Car batteries are among the essential components needed for a vehicle to work. However, they are prone to malfunction and failure when subjected to less-than-ideal operating environments such as stop-and-go traffic, common in everyday commutes under the new normal.
The battery is at the heart of your car's electrical system
Japanese battery manufacturer Furukawa has been in the industry long enough to understand what it takes to make batteries last, with over 70 years of experience to prove it. As consumers have to contend with rising prices of parts and components, the brand shares five simple tips for motorists to be more conscious about what the battery is subjected to under the hood, helping to stretch their budget a little further.
1. Avoid short drives
There might be instances where people are tempted to use their cars even if a particular errand calls for traveling less than a kilometer; after all, convenience is one of the reasons behind owning a car. But many motorists may not be aware that driving short distances does more harm than good.
The reason for this is that frequent starts and stops prevent the battery from being able to fully recharge between trips, eventually leading to shortened battery life. This is apart from the increased fuel consumption that results from short drives as the engine is unable to reach its optimal operating temperature.
Walking is a better alternative for quick trips to the nearest convenience store. If bringing the car is unavoidable, users might want to drive around for another five minutes after the errand is completed, just to maintain the health of the car’s battery.
2. Watch the gadgets you plug in
A busy lifestyle means taking advantage of every opportunity to accomplish tasks on the go. This includes the seemingly mundane task of plugging in one’s devices such as smartphones, tablets, and laptops into the car’s power outlet as a means of saving time.
Do not plug in your devices for extended periods
On top of powering these gadgets, the battery also has to carry the load of the car’s electrical system, from powering the air-conditioning to keeping the navigation system running so you don’t get lost. All these can eventually strain the battery. A better practice would be to charge personal devices on a wall outlet before setting out to drive.
3. Lay off the lights and radio when the engine is turned off
Many fuel-conscious users resort to turning off the ignition instead of idling the engine for extended periods. This is a sound habit to adopt. What’s not good, however, is operating the car’s various functions such as the lights and sound system even when the engine is off.
This is because the battery should ideally be recharged by the alternator, which draws power from a running engine. With the engine turned off, the battery just continues to discharge at an accelerated rate while attending to the car’s electrical functions.
Features such as the car's radio and air-conditioning must be turned off when the engine is not running
It would be a better idea to just open the windows and let the breeze into the cabin if the engine is turned off, as the aircon compressor will not work without the engine anyway. Using music streaming services on a smartphone is also a better alternative to leaving the car’s radio on, and make sure to check if all the lights are turned off prior to leaving the vehicle at the parking lot.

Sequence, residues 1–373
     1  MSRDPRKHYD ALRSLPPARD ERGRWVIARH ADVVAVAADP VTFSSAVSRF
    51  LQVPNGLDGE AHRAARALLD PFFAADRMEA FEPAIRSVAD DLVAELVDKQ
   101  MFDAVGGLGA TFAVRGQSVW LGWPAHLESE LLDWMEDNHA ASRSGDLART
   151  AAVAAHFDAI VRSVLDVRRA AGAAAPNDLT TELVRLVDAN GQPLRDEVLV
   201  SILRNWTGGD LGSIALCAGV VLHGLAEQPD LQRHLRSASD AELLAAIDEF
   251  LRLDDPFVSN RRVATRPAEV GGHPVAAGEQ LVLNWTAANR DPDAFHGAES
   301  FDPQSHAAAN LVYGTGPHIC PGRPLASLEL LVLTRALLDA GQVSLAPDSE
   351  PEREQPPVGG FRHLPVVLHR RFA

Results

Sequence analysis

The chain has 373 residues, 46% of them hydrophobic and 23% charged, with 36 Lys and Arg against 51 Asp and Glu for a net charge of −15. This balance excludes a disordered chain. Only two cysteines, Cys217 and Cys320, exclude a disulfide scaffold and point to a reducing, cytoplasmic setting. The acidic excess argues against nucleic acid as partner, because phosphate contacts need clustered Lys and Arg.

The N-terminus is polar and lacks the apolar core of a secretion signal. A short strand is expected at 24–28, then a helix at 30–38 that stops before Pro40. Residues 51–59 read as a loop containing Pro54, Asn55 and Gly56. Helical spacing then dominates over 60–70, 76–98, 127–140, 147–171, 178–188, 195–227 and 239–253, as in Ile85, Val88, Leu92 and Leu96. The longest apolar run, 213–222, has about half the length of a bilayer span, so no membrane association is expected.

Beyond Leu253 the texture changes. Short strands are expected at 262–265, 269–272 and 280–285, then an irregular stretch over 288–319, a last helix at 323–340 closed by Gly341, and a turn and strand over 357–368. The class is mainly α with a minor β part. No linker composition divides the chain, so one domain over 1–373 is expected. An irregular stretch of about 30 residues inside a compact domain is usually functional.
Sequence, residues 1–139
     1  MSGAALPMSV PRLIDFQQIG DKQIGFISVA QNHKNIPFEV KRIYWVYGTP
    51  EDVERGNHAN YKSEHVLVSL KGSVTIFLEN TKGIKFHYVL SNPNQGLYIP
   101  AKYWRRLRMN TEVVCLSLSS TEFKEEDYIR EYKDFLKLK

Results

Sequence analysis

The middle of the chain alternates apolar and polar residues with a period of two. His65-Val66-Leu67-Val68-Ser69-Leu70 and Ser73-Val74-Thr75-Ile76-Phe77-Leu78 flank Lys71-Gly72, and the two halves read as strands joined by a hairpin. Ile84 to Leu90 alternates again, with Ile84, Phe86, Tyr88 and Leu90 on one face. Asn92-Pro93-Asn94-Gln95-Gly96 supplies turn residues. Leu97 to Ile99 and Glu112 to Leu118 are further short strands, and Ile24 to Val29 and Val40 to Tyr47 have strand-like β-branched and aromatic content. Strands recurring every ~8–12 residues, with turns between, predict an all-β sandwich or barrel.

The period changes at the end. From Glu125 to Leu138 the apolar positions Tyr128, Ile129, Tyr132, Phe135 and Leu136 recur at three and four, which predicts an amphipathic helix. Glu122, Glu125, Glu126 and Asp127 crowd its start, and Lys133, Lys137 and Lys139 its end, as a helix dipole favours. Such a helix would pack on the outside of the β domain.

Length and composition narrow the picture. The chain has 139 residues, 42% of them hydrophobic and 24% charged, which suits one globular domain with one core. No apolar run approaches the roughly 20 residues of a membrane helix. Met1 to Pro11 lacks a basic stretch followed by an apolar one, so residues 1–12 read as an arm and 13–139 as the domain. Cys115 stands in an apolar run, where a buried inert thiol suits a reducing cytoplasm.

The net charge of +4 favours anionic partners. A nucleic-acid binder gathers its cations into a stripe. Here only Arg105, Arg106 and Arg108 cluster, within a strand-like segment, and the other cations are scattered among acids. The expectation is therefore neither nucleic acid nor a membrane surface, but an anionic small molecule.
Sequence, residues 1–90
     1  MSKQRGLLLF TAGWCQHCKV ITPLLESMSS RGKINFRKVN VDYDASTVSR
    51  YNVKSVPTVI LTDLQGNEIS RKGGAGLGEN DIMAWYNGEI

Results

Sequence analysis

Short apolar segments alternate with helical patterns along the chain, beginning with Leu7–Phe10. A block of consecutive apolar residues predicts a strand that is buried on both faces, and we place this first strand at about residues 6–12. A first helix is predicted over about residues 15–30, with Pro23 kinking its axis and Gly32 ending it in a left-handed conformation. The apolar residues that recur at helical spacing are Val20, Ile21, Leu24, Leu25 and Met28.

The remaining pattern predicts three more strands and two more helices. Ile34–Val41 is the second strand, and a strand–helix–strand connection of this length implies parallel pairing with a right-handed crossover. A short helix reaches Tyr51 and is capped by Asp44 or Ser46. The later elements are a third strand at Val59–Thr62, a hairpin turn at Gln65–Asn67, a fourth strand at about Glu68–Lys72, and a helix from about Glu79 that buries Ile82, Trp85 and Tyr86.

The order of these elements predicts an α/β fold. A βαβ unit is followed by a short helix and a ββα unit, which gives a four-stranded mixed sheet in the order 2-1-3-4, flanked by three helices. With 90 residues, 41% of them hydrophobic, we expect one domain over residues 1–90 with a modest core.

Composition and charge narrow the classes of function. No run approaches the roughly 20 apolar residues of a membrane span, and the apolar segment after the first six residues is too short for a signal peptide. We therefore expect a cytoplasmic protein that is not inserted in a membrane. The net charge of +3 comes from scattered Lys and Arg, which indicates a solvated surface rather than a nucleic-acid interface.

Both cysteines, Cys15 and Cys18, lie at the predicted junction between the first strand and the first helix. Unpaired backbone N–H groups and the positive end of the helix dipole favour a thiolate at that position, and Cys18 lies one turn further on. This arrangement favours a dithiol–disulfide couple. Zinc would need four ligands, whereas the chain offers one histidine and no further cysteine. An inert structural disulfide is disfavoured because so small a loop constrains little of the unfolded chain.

4. Disconnect the battery if the car will not be used for a while
There might be instances where the car will need to be left in the garage for some time, such as when taking a vacation overseas for a week or so. It’s a good idea to disconnect the battery from the car if that’s the case.
The reason behind this is that the battery continues to discharge at a slow rate even if the car is not being used. Disconnecting the battery’s negative terminal prevents it from losing its charge faster than it should. Another alternative would be to have a trusted person start the car’s ignition or drive it around for 20 minutes every few days until you get back. This practice helps maintain the battery’s health.
5. Pay attention to the warning sign on the dashboard
The car’s battery is a consumable item, and despite your best efforts, it will inevitably show signs that it’s approaching the end of its service life. Symptoms such as the engine taking longer to crank up and start, as well as the battery warning icon appearing on the instrument cluster are signs that the battery needs to be checked by a professional.
Never ignore this symbol when it appears on your instrument cluster
And if you’re in the market for long-lasting batteries, Furukawa offers a range of products for both automotive and industrial applications. The company uses Japanese battery technology with a manufacturing base in Thailand, delivering cost-efficient yet quality batteries for Filipino motorists.
Furukawa offers batteries for both automotive and industrial use
BSB Junrose serves as the brand’s official distributor in the Philippine market. “We are proud to bring Furukawa Battery to the most discerning vehicle owners in the country,” said BSB Junrose President Benjamin Bangayan. “Furukawa battery is designed to withstand the country’s road conditions, Filipinos’ driving habits, and other issues like fast discharging rates, shortages, and quick water loss.”
Furukawa batteries are available at BSB Junrose branches and dealers nationwide, which customers can find on its official Facebook page.
Find more helpful automotive advice at Philkotse.com.
Joseph Paolo Estabillo
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